I led a silent retreat over the weekend and today my teacup is overflowing!
Paul Reps told a story about Zen Master Nan-in who receiving a learned professor come to inquire about Zen first first offered him tea. Nan-in kept pouring until the cup was overflowing. The professor cried, Stop! The cup can’t take any more tea.
Just so, said Nan-in said. You are full of your own ideas and beliefs. How can I show you Zen without you first emptying your cup?
I used this anecdote to start the retreat Saturday afternoon. I wanted participants to open themselves to teachings by temporarily setting aside what they knew.
But just now, the image of an overflowing cup meant that the mind, or whatever part of a man it is that gets full as with child, is running over with creative impetus, with actionable ideas—and they were all making sense individually and together!
When the mind has the quality of creating, ideas seem neon-lit in the mind’s eye. They shine in the darkness like points of fire tugging me if not to the Promised Land to the next valley of my life’s journey with steps joyful, with no doubt about arriving. There is not path, the whole knowable universe and I the same.
At the last minute Thursday, while preparing the prospectus for the retreat I relabeled it “Changing Lives.” The bimonthly retreat is normally training in developing mindfulness and concentration, the two component processes of Buddhist meditation. Looking at the roster of people who had signed up I noticed that two had never meditated before, and one was a Muslim woman.
Without deliberately applying the information, I found the program taking on a new, exciting direction, one that I didn’t fully realize until this morning when the retreat manager messaged me. Had I intended not to display a buddha image? I had always brought a large wooden buddha to set up on a table that became a Buddhist altar. I told her it was intended.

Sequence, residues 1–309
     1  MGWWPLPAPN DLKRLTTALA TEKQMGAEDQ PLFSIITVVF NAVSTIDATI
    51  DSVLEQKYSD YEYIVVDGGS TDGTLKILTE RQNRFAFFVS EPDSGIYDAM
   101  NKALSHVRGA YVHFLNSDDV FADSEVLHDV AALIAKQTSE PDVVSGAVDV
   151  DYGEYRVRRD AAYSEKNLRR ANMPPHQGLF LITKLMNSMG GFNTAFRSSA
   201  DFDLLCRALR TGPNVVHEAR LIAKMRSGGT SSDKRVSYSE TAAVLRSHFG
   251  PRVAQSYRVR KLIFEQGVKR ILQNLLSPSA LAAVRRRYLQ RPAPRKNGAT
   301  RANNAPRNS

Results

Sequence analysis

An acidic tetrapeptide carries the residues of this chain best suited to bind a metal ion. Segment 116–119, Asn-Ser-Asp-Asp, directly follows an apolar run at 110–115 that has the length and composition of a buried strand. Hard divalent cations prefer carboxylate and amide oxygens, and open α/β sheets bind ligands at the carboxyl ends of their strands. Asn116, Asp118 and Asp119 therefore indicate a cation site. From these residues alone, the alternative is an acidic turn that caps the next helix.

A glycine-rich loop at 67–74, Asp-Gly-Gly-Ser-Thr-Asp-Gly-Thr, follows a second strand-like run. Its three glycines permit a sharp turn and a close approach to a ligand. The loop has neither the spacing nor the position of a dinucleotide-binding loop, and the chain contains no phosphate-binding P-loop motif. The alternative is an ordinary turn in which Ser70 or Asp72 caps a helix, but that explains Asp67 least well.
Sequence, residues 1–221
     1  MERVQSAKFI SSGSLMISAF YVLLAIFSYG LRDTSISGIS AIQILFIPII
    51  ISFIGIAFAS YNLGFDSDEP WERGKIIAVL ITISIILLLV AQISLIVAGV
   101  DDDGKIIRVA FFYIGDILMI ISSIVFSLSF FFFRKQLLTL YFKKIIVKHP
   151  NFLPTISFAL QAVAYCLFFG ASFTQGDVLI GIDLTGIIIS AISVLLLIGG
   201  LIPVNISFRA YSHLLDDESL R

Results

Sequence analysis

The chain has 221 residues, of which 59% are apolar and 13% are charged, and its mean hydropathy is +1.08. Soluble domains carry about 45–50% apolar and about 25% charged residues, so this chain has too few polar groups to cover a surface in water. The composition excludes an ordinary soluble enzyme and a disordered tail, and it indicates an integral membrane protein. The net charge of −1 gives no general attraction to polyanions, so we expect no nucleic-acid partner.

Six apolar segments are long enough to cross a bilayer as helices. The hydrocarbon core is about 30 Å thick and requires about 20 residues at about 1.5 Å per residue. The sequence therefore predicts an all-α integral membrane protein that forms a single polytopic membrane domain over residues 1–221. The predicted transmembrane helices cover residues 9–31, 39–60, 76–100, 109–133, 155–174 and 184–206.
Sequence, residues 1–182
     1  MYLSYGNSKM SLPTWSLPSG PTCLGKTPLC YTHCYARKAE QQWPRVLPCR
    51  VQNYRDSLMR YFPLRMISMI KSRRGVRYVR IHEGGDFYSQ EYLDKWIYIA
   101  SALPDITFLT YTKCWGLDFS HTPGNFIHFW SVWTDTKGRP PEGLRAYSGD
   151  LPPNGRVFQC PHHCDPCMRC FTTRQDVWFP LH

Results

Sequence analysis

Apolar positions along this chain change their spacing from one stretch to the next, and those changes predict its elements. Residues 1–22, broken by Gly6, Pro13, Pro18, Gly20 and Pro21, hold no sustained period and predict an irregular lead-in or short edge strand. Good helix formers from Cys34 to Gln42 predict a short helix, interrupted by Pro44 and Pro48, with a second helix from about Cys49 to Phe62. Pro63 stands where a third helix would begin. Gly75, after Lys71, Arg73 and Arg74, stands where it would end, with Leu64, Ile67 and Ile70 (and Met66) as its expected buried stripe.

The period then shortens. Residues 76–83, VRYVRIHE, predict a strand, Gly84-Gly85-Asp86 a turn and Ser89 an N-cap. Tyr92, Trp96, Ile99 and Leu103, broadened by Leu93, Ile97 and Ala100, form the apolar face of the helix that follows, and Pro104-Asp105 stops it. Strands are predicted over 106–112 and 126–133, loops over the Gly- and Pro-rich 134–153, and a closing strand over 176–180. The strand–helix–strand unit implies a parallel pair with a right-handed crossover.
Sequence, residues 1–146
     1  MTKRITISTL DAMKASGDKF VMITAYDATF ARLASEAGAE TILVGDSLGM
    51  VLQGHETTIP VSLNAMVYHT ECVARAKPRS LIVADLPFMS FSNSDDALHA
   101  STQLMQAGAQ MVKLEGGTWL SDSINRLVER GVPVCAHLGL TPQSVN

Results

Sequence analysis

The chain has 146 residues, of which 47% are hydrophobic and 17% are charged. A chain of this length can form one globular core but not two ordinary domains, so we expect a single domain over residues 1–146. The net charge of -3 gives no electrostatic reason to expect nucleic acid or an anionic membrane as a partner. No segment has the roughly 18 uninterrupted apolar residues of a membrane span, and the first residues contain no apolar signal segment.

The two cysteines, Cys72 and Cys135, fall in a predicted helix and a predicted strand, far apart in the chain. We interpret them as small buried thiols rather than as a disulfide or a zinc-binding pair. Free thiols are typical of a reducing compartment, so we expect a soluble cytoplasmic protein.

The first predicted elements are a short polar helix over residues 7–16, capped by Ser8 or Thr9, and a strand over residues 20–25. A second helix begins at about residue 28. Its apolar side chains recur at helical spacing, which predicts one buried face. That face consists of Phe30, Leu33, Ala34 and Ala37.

The obvious reasoning was that I didn’t want a graven image to offend Muslim sensibilities. But not having a Buddha there on the table by my teacher’s chair, the mind took off on its own to redesign the content of both the retreat and the teachings and training I gave.
To bring this to a swift point, while giving the retreat Saturday and Sunday I found myself hewing to the title I gave it. “I’m not here to teach you Buddhism,” I told the group of six (one had to leave minutes before we started at news that her father had been rushed to the hospital with another heart attack). “What I teach,” I continued, “is life. How do we live?”
And that’s how a new direction appeared. No preliminary warning, no fanfare. Like Minerva it sprang full-grown from the mind of Zeus!
I am best suited to teach, just as both my parents were teachers. Of the topics that interest me and of which I have experience and expertise, what best suits them both is this: teaching how to know how we live and what deep changes we can bring to this that we can experience fulfillment, satisfaction, wholeness, peace and joy.
In Buddhism, all this is called “self.” We each have the propensities built into our persons to act and react in a certain way. These are modified by experience and “random” breaks in the pattern. Without knowing how change comes about in these propensities, we have little to no input into how they change.
We could change something deliberately and it seems we have changed but, as Freud declared, unless we recognize the root cause of the symptom, mind will simply substitute another symptom to express it.
Learning about root sources of mind is what leads to what I call “deep change,” changing the very ecology of self.
Our mind is the cup. It’s not how much the cup can contain but learning to know what makes the cup that we can change it, the cup itself.